Wednesday, June 4, 2014

The Sacrifice: Ten Frames

It's unusual that in reviewing a movie to select my favorite shots that I discover something wholly unexpected. What one usually notices in Tarkovsky is his dreamlike tone and somnambulant sense of motion. In watching The Sacrifice again, though, I noticed how often the characters are looking away from us and each other. The movie is about the sense of the sacred, and its characters look beyond their immediate surroundings for something more. Again and again they look beyond the empirical for something incomprehensible yet within, sometimes, sense. By their search they encourage us to do the same, looking beyond the film's plot to its sense of life.

Please pardon the quality of the shots, which are darker than the excellent Blu-Ray print I watched. I also missed a few choice shots, such as that of Alexander and Maria floating, because of my arcane capture process. Finally, please note that there are many pictures on the page after the jump. I got a little carried away.

click to enlarge images

1. Apart from any symbols and suggestions contained therein, this is a deceptively simple shot full of implicit motion. As we've seen elsewhere, here we find activity along three axes of the shot: the path down the center brings us into the shot, the shape of the sea's inlet gives us horizontal motion, and Alexander raising his tree is contrasting longitudinal activity. All of this motion, though, unlike the afore-referenced Hitchcock, is quite subtle. Here the inlet is in the distance, faintly ebbing, Alexander raises the tree slowly, and the path, along which nothing moves, curves just a bit.

How natural too is this sight of land, sea, and air, with man amidst raising up his faith in the future.

This shot continues unbroken from the first, with the mercurial Otto and his cycling replacing the z-axis motion of the path. Is there perhaps a subtle suggestion in that deviation too, perhaps that Otto knows something outside the usual?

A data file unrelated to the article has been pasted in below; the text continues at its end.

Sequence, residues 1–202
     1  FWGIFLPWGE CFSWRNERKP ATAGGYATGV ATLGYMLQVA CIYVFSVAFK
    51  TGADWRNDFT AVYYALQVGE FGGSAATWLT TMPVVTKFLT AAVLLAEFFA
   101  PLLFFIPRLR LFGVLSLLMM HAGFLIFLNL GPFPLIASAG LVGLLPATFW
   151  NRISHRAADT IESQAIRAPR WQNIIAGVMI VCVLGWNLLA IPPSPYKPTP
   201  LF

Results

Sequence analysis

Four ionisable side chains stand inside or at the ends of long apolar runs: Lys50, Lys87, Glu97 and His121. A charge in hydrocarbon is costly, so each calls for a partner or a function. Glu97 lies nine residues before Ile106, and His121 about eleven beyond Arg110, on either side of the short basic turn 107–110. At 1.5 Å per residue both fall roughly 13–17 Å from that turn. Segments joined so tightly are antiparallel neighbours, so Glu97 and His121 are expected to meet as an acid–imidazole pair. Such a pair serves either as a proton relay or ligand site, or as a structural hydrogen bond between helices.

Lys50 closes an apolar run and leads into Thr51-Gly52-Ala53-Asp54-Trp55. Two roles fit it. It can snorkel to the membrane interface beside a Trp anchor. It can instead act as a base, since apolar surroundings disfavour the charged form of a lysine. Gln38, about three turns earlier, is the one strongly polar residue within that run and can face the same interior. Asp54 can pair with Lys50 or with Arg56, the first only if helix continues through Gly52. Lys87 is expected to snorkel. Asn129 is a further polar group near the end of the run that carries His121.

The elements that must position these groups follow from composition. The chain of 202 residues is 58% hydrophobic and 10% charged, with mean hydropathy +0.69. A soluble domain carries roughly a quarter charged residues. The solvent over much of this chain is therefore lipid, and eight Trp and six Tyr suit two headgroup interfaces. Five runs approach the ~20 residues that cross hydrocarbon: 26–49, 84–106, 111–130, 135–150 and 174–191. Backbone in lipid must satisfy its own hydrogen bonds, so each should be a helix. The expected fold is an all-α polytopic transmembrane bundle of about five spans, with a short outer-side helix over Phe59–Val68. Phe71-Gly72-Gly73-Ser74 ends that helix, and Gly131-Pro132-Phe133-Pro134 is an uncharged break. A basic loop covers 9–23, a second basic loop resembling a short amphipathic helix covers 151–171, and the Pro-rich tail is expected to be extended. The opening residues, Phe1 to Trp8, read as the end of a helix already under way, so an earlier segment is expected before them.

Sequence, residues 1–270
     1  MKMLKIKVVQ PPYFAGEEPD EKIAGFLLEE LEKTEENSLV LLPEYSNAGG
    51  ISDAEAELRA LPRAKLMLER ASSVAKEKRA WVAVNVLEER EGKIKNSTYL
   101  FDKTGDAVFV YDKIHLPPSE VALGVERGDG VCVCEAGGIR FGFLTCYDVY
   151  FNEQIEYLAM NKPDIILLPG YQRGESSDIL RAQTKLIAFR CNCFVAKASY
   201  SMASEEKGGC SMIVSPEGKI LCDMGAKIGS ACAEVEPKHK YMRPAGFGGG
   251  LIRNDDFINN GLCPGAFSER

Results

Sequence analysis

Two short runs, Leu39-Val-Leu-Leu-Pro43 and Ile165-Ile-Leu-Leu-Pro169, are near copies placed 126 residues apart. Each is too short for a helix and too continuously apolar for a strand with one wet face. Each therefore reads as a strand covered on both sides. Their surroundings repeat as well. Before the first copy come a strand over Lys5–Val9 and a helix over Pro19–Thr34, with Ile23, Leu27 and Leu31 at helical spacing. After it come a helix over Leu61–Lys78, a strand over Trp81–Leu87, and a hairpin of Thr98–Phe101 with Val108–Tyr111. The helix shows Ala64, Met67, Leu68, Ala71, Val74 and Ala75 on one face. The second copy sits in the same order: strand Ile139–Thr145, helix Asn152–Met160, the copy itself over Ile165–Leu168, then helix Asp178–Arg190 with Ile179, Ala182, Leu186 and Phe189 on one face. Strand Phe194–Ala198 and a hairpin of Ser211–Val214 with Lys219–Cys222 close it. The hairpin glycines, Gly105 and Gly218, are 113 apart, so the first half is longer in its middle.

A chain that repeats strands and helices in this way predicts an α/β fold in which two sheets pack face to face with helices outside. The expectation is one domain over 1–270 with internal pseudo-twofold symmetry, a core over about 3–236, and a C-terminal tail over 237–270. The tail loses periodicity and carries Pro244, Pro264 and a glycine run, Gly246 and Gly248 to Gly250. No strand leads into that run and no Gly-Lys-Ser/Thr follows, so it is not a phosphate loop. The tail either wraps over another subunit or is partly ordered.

2. Roger Ebert once referred to one of Janusz Kaminski's shots in Steven Spielberg's Minority Report, as, "bafflingly simple," and I think the phrase applies here. A man sits with his son. Yet there is contrast of both texture and color from the woody stems to the pointy blades of grass to the mists in the background. There is again contrast of direction, with Little Man sitting across Alexander's lap. Finally, doesn't Alexander somehow look like one of the trees, shooting up from the earth?

3. From one of Tarkovksy's famous dream sequences, this desaturated shot steals our attention by fading out life's apparent vividness and pulling from our senses and connotations of the visual elements to create tone and suggest a different kind of sight. Something about the naturalness of the rippling water over the harsh manmade landscape discomfits us, as does the unnatural presence of this chair. It surely does not belong yet the sight of it calls to mind some kind of presence simply because we associate people sitting with the sight of chairs. But does it represent presence, absence, neglect?